Food, mood and health: A neurobiologic outlook




Prasad, Chandan

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Associação Brasileira de Divulgação Científica (ABDC)


Hippocrates was the first to suggest the healing power of food; however, it was not until the medieval ages that food was considered a tool to modify temperament and mood, although scientific methods as we know them today were not in use at the time. Modern scientific methods in neuroscience began to emerge much later, leading investigators to examine the role of diet in health, including mental well-being, with greater precision. This review shows how short- and long-term forced dietary interventions bring about changes in brain structure, chemistry, and physiology, leading to altered animal behavior. Examples will be presented to show how diets alter brain chemistry, behavior, and the action of neuroactive drugs. Most humans and most animal species examined in a controlled setting exhibit a fairly reproducible pattern of what and how they eat. Recent data suggest that these patterns may be under the neurochemical and hormonal control of the organisms themselves. Other data show that in many instances food may be used unconsciously to regulate mood by seemingly normal subjects as well as those undergoing drug withdrawal or experiencing seasonal affective disorders and obesity-related social withdrawal. We will discuss specific examples that illustrate that manipulation of dietary preference is actually an attempt to correct neurochemical make-up.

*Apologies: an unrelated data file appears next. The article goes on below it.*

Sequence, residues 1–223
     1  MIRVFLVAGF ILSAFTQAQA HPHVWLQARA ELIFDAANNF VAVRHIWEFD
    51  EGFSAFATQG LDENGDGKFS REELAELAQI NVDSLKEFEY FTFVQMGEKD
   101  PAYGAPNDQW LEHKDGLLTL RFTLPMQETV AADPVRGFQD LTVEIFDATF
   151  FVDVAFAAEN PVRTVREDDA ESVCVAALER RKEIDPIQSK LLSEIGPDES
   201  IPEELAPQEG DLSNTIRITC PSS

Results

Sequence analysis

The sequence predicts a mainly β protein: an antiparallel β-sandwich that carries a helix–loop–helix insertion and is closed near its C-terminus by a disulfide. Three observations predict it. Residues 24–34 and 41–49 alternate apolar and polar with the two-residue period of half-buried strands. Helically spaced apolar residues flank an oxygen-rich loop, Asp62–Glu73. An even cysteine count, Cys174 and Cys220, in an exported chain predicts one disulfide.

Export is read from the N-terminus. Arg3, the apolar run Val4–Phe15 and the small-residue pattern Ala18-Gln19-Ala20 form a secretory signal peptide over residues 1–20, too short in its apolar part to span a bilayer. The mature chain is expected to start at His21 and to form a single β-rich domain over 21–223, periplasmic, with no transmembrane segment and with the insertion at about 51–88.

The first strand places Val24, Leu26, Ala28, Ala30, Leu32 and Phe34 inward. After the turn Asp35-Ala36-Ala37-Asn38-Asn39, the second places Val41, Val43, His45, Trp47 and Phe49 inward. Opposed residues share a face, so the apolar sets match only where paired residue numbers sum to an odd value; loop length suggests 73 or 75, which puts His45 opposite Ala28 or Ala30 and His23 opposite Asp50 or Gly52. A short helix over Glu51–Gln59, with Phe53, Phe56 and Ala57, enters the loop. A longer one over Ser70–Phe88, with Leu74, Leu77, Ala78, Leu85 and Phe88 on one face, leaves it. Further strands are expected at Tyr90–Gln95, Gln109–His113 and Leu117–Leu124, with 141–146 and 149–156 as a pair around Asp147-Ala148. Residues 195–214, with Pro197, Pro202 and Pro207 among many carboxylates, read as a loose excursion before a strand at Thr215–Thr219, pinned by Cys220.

Article originally published in Brazilian Journal of Medical and Biological Research, 31(12), 1517–1527. English.


Food peptides, Dietary carbohydrate and serotonin, Neurotransmitter precursors


This is the published version of an article that is available at Recommended citation: Prasad, C. (1998). Food, mood and health: A neurobiologic outlook. Brazilian Journal of Medical and Biological Research, 31(12), 1517–1527. This item has been deposited in accordance with publisher copyright and licensing terms and with the author’s permission.